Looking ahead we have a tangle of Batons in the mid right section: 2 Batons becomes 4 Batons below, signaling bureaucratic disorganization, with 8 Batons to the right, there will be an attempt to pull things into better organization, but I suspect it will be easier to scrap the whole system that he builds up, frankly.
The two Cup courts in the reading bear looking at, as they seem to typify Trump’s sickly attempts to present as a good boy or conciliator, but they both involve his trying to backpedal the effect of Swords: Page Cups is looking towards 10 Swords, while Queen Cups is turning her back on Fool with Knight Swords. Page of Cups is Trump the good boy trying to sweeten the pill of all-out aggression and war. Queen of Cups is having a hard time trying to ameliorate 2 and 6 Swords together which I suspect is about learning to live with the choices he’s made, if Fool and Knight Swords have anything to do with it. This last combo is a Don Quixote style aspiration of his: he wants to be the shining champion but he just looks like Sancho Panza.
If we see Page Cups as Trumps' minion, then anyone working for him is going to be going cap in hand between his aggression and the world powers. The Page has the Popess overhead, and the 6 Deniers below showing that, as public servants, while they are mindful of the public good, they will end up appearing in a worse light than their president.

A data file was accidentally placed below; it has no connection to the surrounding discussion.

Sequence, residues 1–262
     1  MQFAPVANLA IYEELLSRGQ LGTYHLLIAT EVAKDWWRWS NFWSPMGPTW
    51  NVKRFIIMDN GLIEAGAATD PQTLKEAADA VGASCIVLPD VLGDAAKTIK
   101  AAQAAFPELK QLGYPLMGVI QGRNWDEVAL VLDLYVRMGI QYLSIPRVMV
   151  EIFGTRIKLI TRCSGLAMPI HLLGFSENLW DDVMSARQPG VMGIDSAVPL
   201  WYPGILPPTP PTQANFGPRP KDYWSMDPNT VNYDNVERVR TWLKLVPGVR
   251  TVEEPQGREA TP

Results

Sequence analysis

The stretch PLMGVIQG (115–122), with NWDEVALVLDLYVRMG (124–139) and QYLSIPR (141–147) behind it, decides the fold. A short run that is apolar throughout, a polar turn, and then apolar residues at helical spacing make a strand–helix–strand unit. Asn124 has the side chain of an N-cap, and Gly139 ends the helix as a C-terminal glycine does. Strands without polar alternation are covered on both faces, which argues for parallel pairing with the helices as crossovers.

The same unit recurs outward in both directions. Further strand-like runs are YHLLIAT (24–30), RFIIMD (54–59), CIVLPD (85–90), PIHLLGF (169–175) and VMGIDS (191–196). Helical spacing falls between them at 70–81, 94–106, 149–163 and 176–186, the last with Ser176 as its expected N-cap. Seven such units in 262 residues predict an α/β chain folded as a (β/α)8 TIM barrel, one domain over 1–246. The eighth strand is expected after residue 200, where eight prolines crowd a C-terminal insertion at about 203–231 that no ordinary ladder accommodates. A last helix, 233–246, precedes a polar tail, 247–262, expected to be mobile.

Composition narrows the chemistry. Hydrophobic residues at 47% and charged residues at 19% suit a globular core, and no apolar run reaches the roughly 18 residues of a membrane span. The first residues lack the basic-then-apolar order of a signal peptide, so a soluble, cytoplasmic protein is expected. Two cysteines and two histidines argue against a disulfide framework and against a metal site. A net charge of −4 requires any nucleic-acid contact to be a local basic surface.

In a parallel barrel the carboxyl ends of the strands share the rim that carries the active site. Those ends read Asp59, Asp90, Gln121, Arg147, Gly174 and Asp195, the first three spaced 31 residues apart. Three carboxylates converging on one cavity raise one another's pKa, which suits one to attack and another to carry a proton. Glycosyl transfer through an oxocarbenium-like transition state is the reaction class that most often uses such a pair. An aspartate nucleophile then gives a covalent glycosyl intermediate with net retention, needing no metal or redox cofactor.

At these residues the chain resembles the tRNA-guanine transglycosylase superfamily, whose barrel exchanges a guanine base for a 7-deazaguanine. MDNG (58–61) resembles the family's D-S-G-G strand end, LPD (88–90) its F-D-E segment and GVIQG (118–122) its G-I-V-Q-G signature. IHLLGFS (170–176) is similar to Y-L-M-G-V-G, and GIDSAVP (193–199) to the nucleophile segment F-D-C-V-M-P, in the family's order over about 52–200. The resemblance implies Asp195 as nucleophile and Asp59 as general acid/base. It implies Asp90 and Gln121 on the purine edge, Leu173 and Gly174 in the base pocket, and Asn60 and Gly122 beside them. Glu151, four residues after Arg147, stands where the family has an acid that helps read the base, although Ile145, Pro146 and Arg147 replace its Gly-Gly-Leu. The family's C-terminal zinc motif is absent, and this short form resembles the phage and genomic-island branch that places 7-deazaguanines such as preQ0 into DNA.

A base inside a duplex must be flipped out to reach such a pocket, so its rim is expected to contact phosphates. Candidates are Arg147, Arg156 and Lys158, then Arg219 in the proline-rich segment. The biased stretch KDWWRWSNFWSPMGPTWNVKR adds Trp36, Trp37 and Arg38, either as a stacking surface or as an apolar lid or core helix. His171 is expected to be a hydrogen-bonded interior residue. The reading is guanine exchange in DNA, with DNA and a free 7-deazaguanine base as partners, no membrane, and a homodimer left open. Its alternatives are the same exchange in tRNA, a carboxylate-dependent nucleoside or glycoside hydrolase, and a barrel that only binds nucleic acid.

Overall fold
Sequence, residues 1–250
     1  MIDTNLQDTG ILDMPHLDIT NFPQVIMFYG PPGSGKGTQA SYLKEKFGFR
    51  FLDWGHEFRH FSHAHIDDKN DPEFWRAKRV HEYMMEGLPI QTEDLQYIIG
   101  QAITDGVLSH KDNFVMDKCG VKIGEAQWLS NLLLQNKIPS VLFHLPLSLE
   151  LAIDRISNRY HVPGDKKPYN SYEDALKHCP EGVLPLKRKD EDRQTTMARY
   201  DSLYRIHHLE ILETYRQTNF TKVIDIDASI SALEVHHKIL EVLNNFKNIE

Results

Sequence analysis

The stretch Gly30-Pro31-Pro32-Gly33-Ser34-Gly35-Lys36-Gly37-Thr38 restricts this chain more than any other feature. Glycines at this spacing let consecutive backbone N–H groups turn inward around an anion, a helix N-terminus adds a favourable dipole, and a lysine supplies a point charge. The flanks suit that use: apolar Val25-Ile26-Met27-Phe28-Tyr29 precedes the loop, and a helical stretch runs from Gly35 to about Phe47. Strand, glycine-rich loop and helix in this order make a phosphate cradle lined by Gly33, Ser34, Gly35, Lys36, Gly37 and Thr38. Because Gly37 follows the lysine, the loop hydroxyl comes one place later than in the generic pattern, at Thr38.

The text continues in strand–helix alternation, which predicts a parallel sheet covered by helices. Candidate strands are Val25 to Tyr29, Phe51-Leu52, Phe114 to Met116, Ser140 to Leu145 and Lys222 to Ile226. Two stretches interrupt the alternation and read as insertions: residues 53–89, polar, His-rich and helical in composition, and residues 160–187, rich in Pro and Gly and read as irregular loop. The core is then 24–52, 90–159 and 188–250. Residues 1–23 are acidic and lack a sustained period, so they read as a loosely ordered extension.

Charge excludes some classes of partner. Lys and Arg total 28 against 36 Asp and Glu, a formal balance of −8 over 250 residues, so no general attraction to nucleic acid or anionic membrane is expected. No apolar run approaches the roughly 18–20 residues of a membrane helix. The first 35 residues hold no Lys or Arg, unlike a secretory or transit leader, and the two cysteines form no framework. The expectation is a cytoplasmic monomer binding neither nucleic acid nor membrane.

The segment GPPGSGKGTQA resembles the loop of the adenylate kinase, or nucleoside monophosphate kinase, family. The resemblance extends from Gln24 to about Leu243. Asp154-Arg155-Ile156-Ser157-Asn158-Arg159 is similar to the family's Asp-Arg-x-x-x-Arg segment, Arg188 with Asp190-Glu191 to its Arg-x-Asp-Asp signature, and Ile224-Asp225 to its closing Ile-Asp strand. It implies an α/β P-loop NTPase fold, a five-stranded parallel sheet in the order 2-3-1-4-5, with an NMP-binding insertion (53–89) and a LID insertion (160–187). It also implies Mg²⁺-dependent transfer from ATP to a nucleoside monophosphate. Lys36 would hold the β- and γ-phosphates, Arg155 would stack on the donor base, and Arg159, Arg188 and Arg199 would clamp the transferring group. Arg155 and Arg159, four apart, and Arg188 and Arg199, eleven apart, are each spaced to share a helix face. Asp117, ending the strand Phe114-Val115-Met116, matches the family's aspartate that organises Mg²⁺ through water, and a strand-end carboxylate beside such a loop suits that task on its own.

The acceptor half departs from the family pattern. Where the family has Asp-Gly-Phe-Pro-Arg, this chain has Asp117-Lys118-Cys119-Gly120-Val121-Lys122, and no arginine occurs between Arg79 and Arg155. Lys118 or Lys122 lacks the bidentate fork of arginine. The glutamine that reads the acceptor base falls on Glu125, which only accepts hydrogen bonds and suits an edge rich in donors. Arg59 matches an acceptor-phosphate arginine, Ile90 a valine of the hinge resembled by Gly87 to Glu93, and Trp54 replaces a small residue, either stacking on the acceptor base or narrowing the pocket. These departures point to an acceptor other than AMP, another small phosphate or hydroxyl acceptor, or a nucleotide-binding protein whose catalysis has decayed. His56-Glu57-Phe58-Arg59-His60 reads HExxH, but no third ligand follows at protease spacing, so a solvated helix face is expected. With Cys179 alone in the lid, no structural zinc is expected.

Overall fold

Is there any hope here? Star with 5 Cups in the upper right corner: the duration of this term will probably prove to be a time of developing female strategy so that, come the next election or next government, women will be seen as essential in the governmental mix. This is borne out by the mirroring cards, bottom right corner: Queen Batons and Temperance – this could well indicate a female president in the future, someone who will temper the extravagances and inequities of what will be seen as a biased presidency.
Analysis: 6 Swords, 6 Batons, 3 Cups, 2 Deniers, 5 trumps. This will be a contentious and combative term of government, in which the balance of world power is going to be polarizing Trump by reflecting compassionate or humanitarian views, which will be largely ignored. The cross about the central card: Queen Cups, Popess, 2 Batons and World surround 8 Swords – reason and compassion are trying for a short period of time (a traditional meaning for 2 Batons) to integrate him into the World stage, but the far cross of 10 Deniers, King Deniers, 8 Batons and 10 Batons are destabilizing factors: with shady deaings across the water, where Trump creates malcontent.
There is much more in this tableau that could be pulled out, but I leave further analysis you yourself. There is much that we could add, in retrospect, as this presidency is still with us. I hope that you will find some new ways to read here, find the confidence to try an older tarot, and enjoy finding the untold story for yourself.
|Caitlín reading TdM|
UNTOLD TAROT is available from all the usual sources, but also from Caitlín, if you'd like a signed copy. http://www.hallowquest.org.uk/product.php?id=176&pageid=5167